Crossrail in numbers: Costs and statistics from the ongoing project
Crossrail has certainly been one of the most high profile infrastructure projects that has ever been seen in the UK. It’s also one of the largest in Europe and has put the UK, and the UK construction industry, under a significant spotlight. As completion of the vast project looks like it might finally be in sight, what exactly has it taken to get it to this point? This is a breakdown of the costs and numbers for the ongoing Crossrail Project.
A huge workforce has been involved. Crossrail has required some 15,000 men and women since it first began back in 2009. So far more than 130 million working hours have been clocked up. It has also generated opportunities for the next generation of construction talent with more than 1,000 apprenticeships created.
The costs have been significant. The current total cost of the Crossrail Project comes in at around £15.4 billion. It is already running more than £600 million over budget.
£42bn to the economy
Crossrail is predicted to do wonders for the UK economy. In fact, it’s thought that it will add £42bn to the economy of the UK and provide support and momentum for a range of regeneration projects around London.
200 million passengers
The Elizabeth Line will take the strain off other systems, especially central London stops on the Central Line. It’s estimated that around 200 million passengers will use it every year.
45 minute commute
The line will improve commuter experience. It should mean that an additional 1.5 million people have just a 45 minute commute to major centres like Canary Wharf.
It’s a very long line. In total, the new London Underground line will have 41 stations. Many of the existing stations it will serve have been upgraded and there are 10 new stations that have been added to the line at key locations – Paddington, Bond Street, Tottenham Court Road, Farringdon, Liverpool Street, Whitechapel, Canary Wharf, Custom House, Woolwich and Abbey Wood.
96% contracted to UK companies
The Crossrail supply chain has been good for UK construction. 96% of the Crossrail contracts went to UK based companies. More than half of the contracts were awarded to companies outside London.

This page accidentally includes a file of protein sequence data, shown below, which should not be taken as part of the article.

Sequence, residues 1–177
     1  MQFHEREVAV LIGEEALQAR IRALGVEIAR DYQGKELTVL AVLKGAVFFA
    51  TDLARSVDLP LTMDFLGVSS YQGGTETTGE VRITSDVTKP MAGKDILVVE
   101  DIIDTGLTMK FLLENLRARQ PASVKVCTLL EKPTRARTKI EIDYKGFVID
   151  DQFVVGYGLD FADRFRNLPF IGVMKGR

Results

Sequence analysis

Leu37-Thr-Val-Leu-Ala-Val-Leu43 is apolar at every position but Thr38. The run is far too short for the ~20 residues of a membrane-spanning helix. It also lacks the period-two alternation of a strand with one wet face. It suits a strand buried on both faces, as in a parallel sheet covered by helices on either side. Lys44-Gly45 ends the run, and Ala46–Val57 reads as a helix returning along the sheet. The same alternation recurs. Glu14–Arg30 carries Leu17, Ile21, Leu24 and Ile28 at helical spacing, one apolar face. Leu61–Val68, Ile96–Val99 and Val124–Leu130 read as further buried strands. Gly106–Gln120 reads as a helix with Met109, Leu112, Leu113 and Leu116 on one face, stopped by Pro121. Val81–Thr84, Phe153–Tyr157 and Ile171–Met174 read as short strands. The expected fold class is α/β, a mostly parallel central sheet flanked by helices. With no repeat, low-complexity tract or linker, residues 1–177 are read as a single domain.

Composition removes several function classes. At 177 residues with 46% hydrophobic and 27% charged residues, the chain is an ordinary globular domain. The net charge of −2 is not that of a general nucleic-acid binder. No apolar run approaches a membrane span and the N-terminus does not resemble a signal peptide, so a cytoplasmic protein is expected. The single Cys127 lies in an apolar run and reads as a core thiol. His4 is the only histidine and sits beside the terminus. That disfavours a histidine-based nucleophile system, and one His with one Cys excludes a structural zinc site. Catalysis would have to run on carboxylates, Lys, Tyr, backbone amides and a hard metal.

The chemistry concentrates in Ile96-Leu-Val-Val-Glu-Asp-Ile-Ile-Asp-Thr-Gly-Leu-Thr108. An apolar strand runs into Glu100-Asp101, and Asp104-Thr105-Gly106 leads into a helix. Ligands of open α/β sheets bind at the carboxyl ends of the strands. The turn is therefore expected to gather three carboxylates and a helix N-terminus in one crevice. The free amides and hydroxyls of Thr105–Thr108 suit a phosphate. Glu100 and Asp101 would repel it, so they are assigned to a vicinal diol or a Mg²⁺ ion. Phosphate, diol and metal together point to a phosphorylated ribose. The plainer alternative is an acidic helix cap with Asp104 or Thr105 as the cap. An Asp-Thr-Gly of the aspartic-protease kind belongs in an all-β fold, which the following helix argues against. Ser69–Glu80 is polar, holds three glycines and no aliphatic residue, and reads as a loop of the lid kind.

42km of new tunnels
The tunnels created for Crossrail are vast. 42km of new rail tunnels were created by eight giant tunnel boring machines and more than 200,000 tunnel segments were used to line the new tunnels. Accessibility has been made a priority – all the new stations built for the Crossrail Project have step-free access.
55,000 new jobs
Crossrail has had an impressive impact on construction employment. Around 55,000 new jobs have been created and 75,000 business opportunities. This included more than 5,000 unemployed and local people taken on as a result of a Crossrail contractors and Jobcentre Plus partnership.
98% materials reused
Sustainability was also prioritised. Pollution reducing controls were fitted to roughly 85% of the construction machines used for the central part of the line and 98% of the material that was excavated for Crossrail was used positively somewhere else.
180,00 new homes
Crossrail could have an impact on house building. The construction of 90,599 new homes is predicted along the route by 2021 and 180,000 by 2026. The project has had a positive impact in London – but also beyond. Town centres such as Ilford and Ealing are being rejuvenated as a result.
RG Group takes a keen interest in iconic construction, such as Crossrail, and its broader impact. Contact us to find out more today by calling 01732 526 850.